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A History of Bongos

Whether you are a fan of the Kerouac inspired Beat Generation of the mid-century, Salsa or other Latin-inspired music, or just like to have a fun instrument at your disposal for impromptu drum circles, the bongos may be one of the most versatile, well-known and loved drums of all times.

Bongos are a set of two drums, attached in the middle with a piece of wood, making them portable and one of the easier drums to learn to play. The ease of learning bongos does not take away the complexity of the rhythms and songs possible, however, especially when considering the prevalence of bongo beats in Latin and Central American music. The sound of the bongos is distinctive, giving flavor and zest to many different styles of music that originated in Central and South America including the Salsa, Mamba, Conga as well as in the music of bands like Gipsy Kings and artists like Arturo Sandoval.

The actual location in Africa from which bongos originated is unknown, which may be related to the secrecy of the Abakua religion, but it is believed that the drums were brought over to Cuba from Africa in the late 1800s. Changui and Son, popular styles of music in the Guantanamo province of Cuba in the late nineteenth century, may be the first types of music directly associated with bongos. From the Changui and Son, various modern Latin-inspired music has evolved, and with that evolution, the bongos have become a necessary instrument for more than Latin music. Many World Music bands and artists have incorporated bongo beats into songs, making the bongos a universal form of percussionist expression.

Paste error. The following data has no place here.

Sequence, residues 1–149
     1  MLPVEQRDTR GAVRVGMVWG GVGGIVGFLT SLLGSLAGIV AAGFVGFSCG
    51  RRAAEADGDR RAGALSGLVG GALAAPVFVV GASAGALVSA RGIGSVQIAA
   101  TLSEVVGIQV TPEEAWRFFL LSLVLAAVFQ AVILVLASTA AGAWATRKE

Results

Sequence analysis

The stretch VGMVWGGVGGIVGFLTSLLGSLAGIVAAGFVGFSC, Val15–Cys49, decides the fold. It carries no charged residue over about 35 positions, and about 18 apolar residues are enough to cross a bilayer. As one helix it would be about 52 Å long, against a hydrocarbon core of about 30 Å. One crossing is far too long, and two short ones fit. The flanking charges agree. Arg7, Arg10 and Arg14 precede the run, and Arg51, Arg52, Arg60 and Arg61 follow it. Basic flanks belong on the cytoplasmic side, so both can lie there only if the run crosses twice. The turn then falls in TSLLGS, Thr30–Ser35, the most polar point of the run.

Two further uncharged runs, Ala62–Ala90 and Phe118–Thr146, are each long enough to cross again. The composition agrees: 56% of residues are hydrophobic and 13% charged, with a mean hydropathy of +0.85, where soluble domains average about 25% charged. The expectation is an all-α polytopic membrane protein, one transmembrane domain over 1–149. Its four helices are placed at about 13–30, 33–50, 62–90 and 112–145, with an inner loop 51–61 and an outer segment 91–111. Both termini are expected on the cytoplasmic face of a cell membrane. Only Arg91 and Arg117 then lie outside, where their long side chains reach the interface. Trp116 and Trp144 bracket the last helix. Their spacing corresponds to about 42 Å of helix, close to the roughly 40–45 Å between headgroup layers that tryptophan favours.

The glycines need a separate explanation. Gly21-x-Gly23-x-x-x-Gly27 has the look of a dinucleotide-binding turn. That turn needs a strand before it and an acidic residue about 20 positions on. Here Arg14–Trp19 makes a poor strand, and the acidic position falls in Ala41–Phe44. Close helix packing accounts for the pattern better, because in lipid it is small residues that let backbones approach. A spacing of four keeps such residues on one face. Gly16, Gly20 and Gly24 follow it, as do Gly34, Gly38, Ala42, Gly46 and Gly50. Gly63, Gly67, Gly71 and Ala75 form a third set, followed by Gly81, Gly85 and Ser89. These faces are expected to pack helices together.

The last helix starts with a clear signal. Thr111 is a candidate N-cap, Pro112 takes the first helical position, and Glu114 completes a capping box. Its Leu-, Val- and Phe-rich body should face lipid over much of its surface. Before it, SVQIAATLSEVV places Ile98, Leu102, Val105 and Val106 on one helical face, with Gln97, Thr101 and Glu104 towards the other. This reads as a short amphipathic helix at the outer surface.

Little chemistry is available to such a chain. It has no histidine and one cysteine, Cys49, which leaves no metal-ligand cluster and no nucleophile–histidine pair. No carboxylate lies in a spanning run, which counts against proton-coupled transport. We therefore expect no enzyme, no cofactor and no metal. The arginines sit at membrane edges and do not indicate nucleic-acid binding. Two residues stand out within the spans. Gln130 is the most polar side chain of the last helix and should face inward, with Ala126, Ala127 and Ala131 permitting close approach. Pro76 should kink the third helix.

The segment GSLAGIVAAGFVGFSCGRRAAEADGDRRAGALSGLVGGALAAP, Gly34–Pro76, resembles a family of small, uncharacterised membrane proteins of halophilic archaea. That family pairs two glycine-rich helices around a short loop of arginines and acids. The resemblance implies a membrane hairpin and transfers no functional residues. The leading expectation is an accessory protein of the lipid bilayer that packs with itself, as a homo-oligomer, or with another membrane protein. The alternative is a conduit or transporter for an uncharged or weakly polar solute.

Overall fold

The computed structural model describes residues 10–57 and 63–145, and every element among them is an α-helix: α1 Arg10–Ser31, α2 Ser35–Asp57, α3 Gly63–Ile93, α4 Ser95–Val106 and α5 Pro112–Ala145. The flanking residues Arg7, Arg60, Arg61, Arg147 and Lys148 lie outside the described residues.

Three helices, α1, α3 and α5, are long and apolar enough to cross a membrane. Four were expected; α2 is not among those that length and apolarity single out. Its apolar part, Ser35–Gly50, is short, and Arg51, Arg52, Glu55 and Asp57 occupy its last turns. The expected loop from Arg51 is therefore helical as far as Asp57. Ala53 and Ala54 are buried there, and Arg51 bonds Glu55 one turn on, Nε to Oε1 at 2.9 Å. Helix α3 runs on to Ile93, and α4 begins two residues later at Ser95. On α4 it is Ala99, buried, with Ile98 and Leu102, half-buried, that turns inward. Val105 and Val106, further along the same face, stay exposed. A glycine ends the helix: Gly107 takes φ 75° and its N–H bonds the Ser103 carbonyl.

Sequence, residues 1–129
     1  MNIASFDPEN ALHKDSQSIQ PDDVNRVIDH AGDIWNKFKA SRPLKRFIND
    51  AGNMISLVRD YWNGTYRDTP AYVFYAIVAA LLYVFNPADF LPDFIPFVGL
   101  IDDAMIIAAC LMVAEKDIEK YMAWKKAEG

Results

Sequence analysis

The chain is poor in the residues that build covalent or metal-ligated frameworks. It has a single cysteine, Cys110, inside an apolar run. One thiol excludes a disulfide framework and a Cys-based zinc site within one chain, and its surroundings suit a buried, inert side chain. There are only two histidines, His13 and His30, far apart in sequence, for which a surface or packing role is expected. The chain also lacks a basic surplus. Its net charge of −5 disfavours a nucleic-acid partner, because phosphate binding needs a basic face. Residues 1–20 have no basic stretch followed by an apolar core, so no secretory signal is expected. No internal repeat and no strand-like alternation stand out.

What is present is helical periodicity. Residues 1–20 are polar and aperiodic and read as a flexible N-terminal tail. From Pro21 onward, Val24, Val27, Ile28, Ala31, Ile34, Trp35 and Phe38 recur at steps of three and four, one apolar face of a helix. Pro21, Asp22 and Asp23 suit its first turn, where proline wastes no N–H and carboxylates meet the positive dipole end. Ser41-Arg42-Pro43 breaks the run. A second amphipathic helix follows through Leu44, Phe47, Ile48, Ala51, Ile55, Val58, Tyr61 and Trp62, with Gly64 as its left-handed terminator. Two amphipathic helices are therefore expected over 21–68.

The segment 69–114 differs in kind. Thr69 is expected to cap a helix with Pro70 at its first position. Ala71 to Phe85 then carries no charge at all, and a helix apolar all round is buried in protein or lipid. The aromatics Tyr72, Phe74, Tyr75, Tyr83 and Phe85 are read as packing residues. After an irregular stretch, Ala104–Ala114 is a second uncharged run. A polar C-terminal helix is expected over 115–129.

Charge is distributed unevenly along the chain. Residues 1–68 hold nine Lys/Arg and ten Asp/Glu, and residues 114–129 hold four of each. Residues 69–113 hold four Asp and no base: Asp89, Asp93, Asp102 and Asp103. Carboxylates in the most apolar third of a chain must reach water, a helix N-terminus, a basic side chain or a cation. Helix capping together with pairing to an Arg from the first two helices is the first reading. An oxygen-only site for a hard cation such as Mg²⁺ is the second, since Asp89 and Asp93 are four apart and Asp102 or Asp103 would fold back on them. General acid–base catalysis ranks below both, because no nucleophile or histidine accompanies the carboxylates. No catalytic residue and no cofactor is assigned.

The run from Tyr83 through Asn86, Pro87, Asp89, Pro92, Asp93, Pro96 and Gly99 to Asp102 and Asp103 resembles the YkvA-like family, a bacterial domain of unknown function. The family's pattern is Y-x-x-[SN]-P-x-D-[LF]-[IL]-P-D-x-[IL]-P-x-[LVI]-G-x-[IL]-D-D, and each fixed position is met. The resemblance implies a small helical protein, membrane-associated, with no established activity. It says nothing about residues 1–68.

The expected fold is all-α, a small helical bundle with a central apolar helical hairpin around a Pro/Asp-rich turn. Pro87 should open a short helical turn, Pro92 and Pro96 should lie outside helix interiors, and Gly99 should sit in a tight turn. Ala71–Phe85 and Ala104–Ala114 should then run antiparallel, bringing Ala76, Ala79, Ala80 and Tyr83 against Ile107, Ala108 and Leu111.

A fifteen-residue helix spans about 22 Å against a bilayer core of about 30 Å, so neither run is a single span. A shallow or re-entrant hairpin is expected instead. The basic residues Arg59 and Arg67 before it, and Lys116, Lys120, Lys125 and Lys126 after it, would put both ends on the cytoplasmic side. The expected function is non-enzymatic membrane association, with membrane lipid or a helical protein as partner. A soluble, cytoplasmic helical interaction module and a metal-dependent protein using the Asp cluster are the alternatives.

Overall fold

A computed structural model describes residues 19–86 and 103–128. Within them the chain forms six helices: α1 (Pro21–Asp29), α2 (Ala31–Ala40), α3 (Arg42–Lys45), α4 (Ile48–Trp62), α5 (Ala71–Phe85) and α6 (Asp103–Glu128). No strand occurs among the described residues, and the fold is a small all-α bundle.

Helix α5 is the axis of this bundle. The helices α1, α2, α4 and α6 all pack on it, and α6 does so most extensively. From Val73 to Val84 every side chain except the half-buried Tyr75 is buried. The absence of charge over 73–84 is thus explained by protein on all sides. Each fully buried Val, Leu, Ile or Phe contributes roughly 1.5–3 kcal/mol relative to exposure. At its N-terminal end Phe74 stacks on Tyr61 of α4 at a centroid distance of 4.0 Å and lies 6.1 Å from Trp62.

Whether for fun, for performance or for a cultural experience that transcends time and location, the bongos are an instrument with a rich history that has given life to many different genres of Latin and other World Music that is enjoyed today. For performers or hobbyist drummers, the bongos may allow a different level of self expression that has otherwise been missing from any performance, whether in a recording studio, on stage or during a drum circle.

29th Oct 2014

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